Now, of course this is only the TV airing, and not the Blu-Ray, and a lot of Blu-Rays are mastered in 1080p. But, that doesn't mean they were drawn in 1080p. If they're targetting a 720p TV broadcast, I don't necessarily see why they'd actually draw in 1080p and then downscale it. Given that Hyouka is an example with full HD content along with the CG shows (meaning TV stations can handle it), I'm inclined to think that most shows just target 720p, and follow the same sort of logic as above -- that most people can't really tell the difference anyway.

(Some may remember Kyoto Animation's explanation of what it's like to produce anime in HD: you draw on bigger paper. Bigger paper means the drawings have to be that much more detailed/refined, which means increased time/cost, so that's why I doubt many are bothering.)
__________________
[...]
relentlessflame is offline   Reply With Quote
Old 2012-06-25, 16:20   Link #37
Alchemist007
自分のチームにいるよ。
*Author
 
 
Join Date: Jul 2008
Location: USA
Age: 26
I don't know much about the production process, but couldn't it simply be recorded at the higher resolution, leaving the art as is? If I could use this as an analogy, then how about my scanning a paper at 600dpi as opposed to 400? The quality certainly is better at 600 even though the picture isn't necessarily improved to any noticable degree for mere mortals. Well I suppose upscaling would certainly be cheaper regardless, even for transmission of the media.
__________________
Alchemist007 is offline   Reply With Quote
Old 2012-06-25, 17:09   Link #38
mangamuscle
formerly ogon bat
 
 
Join Date: May 2011
Location: Mexico
Age: 44
@Alchemist007 Scanning at higher resolutions is kind of self defeating if the original medium quality does not change. Tkae your average hanna barbera cartoon, even if you rescan the original drawings for a 1080p quality, the animation quality won't really change. That is why the drawings paper need to be bigger, so that more detail can be drawn in it.
mangamuscle is offline   Reply With Quote
Old 2012-06-25, 18:44   Link #39
SeijiSensei
AS Oji-kun
 
 
Join Date: Nov 2006
Location: Yamabuki Art High School
Age: 65
With digital production methods, are there even "drawings" that can be "scanned?" Or are there 720p frames that are filled with pixels of varying colors? Upscaling from a pixel map just interpolates between the existing pixels to create more pixels. It doesn't really add any resolution. It would be the same process as upscaling a 1280x720 JPEG or PNG image to 1920x1080 with an algorithm like cubic or Lanczos 3, no?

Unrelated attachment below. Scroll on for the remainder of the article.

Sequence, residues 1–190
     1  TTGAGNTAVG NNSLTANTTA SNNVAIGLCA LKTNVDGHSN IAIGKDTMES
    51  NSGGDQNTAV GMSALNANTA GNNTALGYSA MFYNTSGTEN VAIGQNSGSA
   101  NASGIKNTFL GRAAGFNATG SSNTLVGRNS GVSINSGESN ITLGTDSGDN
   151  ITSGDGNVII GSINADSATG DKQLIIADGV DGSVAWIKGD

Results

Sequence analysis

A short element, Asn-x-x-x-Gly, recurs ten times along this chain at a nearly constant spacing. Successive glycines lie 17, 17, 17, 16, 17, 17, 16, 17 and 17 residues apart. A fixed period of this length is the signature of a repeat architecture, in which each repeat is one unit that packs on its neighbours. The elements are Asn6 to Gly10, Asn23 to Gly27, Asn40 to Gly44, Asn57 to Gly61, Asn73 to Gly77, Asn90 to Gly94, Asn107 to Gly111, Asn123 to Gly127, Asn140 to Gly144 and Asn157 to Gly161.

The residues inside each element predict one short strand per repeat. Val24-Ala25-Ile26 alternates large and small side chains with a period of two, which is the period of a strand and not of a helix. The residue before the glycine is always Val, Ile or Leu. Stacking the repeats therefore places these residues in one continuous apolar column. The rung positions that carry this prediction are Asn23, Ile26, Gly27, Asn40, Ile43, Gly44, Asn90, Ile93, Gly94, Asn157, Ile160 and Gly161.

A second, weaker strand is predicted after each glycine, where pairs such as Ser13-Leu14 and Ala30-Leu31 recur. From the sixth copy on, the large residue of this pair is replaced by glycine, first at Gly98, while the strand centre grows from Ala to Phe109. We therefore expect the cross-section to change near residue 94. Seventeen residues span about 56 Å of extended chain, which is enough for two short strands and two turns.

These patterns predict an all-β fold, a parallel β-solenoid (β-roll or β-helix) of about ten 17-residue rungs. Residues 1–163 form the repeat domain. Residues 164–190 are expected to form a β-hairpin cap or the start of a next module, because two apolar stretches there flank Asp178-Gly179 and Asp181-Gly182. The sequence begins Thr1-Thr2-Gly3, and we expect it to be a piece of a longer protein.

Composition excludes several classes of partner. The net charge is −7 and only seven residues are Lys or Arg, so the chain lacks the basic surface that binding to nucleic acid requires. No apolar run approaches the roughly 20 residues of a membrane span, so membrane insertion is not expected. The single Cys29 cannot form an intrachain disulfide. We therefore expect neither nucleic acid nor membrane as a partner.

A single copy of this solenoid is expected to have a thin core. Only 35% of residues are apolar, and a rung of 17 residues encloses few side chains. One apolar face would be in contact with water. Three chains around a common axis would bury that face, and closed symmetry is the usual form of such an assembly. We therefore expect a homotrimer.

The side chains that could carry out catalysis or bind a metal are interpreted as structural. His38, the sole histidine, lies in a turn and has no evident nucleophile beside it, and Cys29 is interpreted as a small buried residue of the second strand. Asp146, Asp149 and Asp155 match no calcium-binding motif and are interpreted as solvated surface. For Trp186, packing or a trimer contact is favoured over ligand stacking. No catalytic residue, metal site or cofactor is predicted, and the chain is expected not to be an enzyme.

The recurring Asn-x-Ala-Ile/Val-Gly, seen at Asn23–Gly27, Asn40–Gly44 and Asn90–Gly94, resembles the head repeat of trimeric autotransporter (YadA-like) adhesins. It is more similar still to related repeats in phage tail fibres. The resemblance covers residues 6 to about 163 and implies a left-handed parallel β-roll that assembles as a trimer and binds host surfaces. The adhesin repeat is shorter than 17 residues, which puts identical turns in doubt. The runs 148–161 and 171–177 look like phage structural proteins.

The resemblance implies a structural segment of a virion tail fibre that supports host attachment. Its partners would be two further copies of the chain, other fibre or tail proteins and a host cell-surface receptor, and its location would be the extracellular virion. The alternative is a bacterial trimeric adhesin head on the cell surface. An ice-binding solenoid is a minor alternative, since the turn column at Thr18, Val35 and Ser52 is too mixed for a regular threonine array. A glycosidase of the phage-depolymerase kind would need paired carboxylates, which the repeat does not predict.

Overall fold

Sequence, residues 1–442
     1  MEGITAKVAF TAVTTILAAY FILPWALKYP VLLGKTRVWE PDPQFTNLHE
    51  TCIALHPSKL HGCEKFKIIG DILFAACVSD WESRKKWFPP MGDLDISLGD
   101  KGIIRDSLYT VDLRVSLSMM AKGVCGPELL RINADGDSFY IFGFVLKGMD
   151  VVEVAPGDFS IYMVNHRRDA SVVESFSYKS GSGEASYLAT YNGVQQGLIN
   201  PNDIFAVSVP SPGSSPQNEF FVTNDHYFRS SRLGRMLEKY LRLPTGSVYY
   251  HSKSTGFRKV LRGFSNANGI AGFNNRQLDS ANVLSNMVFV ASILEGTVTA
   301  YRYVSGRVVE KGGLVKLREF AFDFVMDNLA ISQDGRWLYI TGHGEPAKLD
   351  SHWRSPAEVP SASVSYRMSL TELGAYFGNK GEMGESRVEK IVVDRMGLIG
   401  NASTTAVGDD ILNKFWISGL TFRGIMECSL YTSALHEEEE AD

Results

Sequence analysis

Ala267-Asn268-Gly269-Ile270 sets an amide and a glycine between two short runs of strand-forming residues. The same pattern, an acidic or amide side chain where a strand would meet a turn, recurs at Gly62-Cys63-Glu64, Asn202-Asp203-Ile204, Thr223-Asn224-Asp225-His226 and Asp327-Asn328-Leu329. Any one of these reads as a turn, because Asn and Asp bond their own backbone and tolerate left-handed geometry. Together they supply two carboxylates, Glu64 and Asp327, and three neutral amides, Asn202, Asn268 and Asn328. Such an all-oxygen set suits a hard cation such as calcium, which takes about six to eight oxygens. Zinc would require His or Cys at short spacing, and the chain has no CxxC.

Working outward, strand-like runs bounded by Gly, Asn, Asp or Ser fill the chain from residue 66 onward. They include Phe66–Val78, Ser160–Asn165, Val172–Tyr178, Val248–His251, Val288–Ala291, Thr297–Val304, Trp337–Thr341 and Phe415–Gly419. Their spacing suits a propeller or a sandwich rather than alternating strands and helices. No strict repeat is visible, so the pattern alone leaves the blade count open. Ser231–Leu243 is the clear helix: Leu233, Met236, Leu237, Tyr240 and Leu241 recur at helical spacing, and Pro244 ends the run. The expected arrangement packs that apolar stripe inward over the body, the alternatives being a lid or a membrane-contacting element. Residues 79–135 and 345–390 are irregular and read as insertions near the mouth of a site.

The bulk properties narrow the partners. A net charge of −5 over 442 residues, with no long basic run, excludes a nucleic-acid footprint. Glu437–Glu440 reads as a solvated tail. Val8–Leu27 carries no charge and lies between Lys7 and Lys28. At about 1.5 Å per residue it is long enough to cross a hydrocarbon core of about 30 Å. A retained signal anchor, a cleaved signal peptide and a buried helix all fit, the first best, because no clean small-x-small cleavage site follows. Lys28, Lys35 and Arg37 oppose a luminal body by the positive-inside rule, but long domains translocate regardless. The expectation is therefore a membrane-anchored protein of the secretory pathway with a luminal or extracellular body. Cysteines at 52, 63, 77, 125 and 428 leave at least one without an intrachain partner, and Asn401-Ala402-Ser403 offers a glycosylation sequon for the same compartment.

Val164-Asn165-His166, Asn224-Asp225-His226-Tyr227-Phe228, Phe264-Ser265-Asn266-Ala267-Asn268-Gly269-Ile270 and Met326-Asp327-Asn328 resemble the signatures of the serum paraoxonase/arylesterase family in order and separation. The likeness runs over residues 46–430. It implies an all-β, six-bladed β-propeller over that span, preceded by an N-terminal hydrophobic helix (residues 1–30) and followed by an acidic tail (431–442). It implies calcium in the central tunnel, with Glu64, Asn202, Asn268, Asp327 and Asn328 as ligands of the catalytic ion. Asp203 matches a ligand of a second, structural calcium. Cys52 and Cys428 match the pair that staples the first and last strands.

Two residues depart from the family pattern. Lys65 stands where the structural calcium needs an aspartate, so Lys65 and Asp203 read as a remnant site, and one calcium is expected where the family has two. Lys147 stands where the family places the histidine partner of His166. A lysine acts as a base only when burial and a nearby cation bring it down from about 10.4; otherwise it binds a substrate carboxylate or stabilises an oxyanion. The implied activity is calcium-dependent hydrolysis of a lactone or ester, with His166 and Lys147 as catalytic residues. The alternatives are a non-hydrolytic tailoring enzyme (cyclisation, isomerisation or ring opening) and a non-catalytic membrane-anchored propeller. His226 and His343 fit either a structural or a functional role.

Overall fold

That's why I cannot see the value in upscaling something like Chobits that was made in 640x480 unless they actually shot individual drawings onto film stock. Then I could see making a Blu-ray version by reshooting the film with an HD camera. Are there film masters for anime that were captured with telecine? How about something the vintage of Evangelion (1995-96)? Are there master tapes, like those wide VTR tapes I remember seeing on professional systems? I notice there's no BD version of the Eva TV series either in Japan or in R1. I can only find Blu-rays of the movies, though for Japan I only checked at amazon.co.jp and cdjapan.co.jp. What do you suppose the masters for Chobits were like? Better than the original 640x480?
__________________

Last edited by SeijiSensei; 2012-06-25 at 18:57.
SeijiSensei is offline   Reply With Quote
Old 2012-06-25, 20:56   Link #40
relentlessflame
 
*Administrator
 
 
Join Date: Dec 2003
Age: 32
Quote:
Originally Posted by SeijiSensei View Post
With digital production methods, are there even "drawings" that can be "scanned?" Or are there 720p frames that are filled with pixels of varying colors? Upscaling from a pixel map just interpolates between the existing pixels to create more pixels. It doesn't really add any resolution. It would be the same process as upscaling a 1280x720 JPEG or PNG image to 1920x1080 with an algorithm like cubic or Lanczos 3, no?
My understanding is that the base drawings for TV anime are still drawn on paper a lot of the time, but of course everything from that point on is likely digital (compositing, colouring, CG, etc.) This is why there are a lot of shows from the 2000s that won't transfer well to Blu-Ray because you'd basically have to re-composite (and possibly re-color/re-grade) the whole thing (and that low-res CG is the worst offender; it would basically have to be redone). There have been a handful of shows that have not only been "re-mastered" in HD, but "re-shot" in HD (going back to the original drawings), which is certainly better than a simple upscale... but yeah, there has be detail there to work from in the first place.
__________________
[...]
relentlessflame is offline   Reply With Quote
Reply

Thread Tools

Posting Rules
You may not post new threads
You may not post replies
You may not post attachments
You may not edit your posts

BB code is On
Smilies are On
[IMG] code is On
HTML code is Off

Forum Jump


All times are GMT -5. The time now is 05:10.


Powered by vBulletin® Version 3.8.7
Copyright ©2000 - 2014, vBulletin Solutions, Inc.
We use Silk.